Don't call it Freedom Day: NSW premier

Opening up 'must be step-by-step, it has to be done cautiously', Premier Gladys Berejiklian says.
Opening up 'must be step-by-step, it has to be done cautiously', Premier Gladys Berejiklian says.

The reopening of NSW from next month should not be seen as "Freedom Day", the NSW premier has warned.

The state is "almost gallop(ing) to the finish line" of 70 per cent full vaccination among its eligible population, which will trigger the reopening, Gladys Berejiklian said on Friday.

But the government and its citizens must still behave responsibly, she said.

"I'm always wary of using terms like Freedom Day because when we start to open up it must be step-by-step, it has to be done cautiously," Ms Berejiklian told reporters.

Chief Health Officer Kerry Chant told reporters "we will not (ever) go back to pre-COVID".

"We'll always have to be mindful that COVID exists ... It's not going to be back to normal," she said.

NSW residents would have to keep getting booster shots and listening to health advice when there were outbreaks, even when vaccination rates were higher, she said.

The state reported 1043 new locally acquired cases of COVID-19 in the 24 hours to 8pm on Thursday, 20 fewer than the day before.

Eleven people died, of whom 10 were unvaccinated.

Dr Chant said authorities were seeing "pleasing declines" in case numbers but everyone needed to do their part to "hold the course".

While the government is yet to reveal what will happen when the state hits 80 per cent vaccination, Ms Berejiklian has foreshadowed it will mean more freedoms and travel are reinstated.

It had not yet decided on the "challenging question" of when unvaccinated people would be able to take part in society, the premier said.

Treasurer Dominic Perrottet made his position clear on Friday afternoon, telling Sydney radio 2GB it should be sooner rather than later.

"Once every single person in this state has had the opportunity be vaccinated with two doses then we should open up for everyone," Mr Perrottet said.

"I want to see more unity and not have a two-tiered society."

Opposition Leader Chris Minns suggested the comment could undermine public health messaging.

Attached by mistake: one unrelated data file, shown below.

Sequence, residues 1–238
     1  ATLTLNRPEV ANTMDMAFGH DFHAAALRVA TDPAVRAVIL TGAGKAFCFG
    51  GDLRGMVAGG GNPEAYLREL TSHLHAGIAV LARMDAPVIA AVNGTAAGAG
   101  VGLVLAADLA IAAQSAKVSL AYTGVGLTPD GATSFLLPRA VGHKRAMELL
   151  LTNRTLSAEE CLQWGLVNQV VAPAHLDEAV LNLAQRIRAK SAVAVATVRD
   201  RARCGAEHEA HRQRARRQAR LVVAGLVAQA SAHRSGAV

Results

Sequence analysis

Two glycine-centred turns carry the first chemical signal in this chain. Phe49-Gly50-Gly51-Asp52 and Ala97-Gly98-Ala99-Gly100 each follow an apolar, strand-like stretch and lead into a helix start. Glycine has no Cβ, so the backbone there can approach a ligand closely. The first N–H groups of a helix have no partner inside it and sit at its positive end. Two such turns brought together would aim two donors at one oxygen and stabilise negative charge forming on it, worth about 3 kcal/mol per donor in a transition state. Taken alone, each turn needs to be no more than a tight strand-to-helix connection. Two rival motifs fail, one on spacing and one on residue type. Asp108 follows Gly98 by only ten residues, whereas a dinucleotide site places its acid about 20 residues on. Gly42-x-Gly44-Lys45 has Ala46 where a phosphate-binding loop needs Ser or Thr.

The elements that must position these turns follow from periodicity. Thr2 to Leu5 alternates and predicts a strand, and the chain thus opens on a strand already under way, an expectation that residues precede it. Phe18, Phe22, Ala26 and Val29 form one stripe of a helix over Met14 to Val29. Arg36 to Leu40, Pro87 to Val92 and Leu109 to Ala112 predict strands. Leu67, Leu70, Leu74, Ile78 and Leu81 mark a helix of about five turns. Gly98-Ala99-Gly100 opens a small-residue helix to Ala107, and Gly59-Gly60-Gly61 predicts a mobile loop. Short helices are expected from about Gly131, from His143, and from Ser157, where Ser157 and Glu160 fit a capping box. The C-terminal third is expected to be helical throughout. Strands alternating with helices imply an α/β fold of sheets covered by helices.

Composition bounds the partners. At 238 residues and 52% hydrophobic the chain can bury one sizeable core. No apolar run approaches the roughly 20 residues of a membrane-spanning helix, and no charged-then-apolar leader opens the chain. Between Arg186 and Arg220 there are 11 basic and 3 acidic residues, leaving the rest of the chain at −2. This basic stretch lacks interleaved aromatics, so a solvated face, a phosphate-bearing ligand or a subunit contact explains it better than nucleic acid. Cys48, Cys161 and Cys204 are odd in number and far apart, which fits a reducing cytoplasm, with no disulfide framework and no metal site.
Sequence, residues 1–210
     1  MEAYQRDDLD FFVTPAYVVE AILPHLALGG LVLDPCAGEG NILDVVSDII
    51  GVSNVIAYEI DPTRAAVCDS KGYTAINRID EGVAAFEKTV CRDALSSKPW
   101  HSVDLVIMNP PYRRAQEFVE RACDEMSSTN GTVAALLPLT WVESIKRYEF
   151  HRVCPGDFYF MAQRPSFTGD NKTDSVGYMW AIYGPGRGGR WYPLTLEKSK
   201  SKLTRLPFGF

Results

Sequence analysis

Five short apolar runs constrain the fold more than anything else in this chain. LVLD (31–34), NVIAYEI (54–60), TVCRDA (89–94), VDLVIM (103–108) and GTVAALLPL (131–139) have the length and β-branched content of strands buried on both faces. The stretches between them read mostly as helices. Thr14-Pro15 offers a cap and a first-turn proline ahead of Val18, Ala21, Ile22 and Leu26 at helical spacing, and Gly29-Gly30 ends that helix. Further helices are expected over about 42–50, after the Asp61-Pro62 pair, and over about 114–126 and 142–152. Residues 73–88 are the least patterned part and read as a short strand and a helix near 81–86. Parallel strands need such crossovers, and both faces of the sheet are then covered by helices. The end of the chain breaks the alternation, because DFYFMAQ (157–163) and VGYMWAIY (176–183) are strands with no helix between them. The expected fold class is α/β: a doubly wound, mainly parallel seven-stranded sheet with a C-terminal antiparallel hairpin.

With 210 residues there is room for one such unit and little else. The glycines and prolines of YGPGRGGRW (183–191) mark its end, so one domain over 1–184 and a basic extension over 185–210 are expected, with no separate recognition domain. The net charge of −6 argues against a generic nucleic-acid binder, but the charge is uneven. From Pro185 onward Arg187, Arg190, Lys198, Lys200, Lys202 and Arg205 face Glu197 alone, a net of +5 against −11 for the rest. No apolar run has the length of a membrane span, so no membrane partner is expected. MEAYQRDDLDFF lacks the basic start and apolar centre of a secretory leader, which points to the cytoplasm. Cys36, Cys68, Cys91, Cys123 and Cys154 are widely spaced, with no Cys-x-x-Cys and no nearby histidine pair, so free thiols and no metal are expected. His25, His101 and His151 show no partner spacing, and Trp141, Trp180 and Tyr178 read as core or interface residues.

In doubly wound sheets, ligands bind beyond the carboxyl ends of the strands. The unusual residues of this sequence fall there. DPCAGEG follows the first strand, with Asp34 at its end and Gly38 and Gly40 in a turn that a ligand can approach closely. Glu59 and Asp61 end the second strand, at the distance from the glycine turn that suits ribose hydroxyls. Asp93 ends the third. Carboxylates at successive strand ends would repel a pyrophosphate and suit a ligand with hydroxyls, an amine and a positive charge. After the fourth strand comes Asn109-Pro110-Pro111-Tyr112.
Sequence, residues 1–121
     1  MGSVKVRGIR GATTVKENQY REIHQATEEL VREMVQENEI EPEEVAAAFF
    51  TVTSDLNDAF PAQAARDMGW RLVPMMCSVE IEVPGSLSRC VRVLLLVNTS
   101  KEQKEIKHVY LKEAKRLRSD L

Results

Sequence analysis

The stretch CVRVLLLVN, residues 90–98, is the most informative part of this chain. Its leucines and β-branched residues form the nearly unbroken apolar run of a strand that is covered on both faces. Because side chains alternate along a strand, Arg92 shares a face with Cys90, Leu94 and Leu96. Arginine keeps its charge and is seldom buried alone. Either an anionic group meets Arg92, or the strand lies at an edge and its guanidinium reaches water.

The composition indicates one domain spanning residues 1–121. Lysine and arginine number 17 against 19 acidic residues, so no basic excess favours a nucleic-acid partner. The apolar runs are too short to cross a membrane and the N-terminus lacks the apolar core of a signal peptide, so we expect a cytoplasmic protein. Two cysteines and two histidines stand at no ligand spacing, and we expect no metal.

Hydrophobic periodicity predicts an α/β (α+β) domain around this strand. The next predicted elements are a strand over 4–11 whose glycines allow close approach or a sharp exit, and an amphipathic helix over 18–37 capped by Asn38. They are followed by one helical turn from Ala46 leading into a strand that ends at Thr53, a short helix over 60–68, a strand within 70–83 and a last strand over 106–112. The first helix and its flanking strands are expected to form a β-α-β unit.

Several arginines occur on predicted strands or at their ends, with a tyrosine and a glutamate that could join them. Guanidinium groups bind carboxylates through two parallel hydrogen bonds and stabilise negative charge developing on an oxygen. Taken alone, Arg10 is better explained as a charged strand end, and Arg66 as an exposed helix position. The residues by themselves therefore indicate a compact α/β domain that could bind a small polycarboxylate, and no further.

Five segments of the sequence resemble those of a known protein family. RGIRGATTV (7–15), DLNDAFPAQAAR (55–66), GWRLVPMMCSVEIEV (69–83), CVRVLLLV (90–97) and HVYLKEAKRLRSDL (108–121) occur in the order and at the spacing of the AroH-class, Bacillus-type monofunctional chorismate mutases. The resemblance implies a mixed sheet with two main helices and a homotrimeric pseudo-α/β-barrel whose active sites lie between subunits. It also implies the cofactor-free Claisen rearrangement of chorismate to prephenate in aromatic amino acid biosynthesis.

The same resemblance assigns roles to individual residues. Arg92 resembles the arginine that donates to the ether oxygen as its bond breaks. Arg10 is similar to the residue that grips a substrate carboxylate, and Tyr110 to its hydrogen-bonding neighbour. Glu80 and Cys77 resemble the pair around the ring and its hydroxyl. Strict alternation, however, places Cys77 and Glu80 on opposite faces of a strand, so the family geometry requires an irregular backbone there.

"It's really important the NSW government is singing from the same song sheet and continues to encourage people to get vaccinated," Mr Minns said.

The freedoms to be reinstated once the state reaches the 70 per cent target next month are limited to those who are fully vaccinated.

Those who have not received two jabs will not be able to attend restaurants, shops, pubs and other places that are set to reopen.

At least 84 per cent of NSW residents have had at least one COVID-19 vaccine dose, and more than 57 per cent are fully vaccinated.

One-third of NSW children aged between 12 and 15 have already been vaccinated despite being eligible for the jab for less than a fortnight.

Of the 11 deaths in the 24-hour reporting period, one person was in their 40s, two were in their 50s, one was in their 60s, six were in their 80s and one was in their 90s.

Among the deaths was a woman in her 80s who died at home in a social housing complex in Sydney's inner west and a man in his 40s who died at home.

Both were diagnosed with COVID-19 after death, Dr Chant said.

An Indigenous man in his 50s died at Broken Hill in the state's west.

It takes the death toll for the current outbreak in NSW to 277.

There are 1186 COVID-19 patients in hospital in NSW, with 232 in intensive care beds and 110 on ventilators.

The Glen Innes and Orange local government areas exited lockdown on Friday, but the lockdown in Hilltops will remain.

Australian Associated Press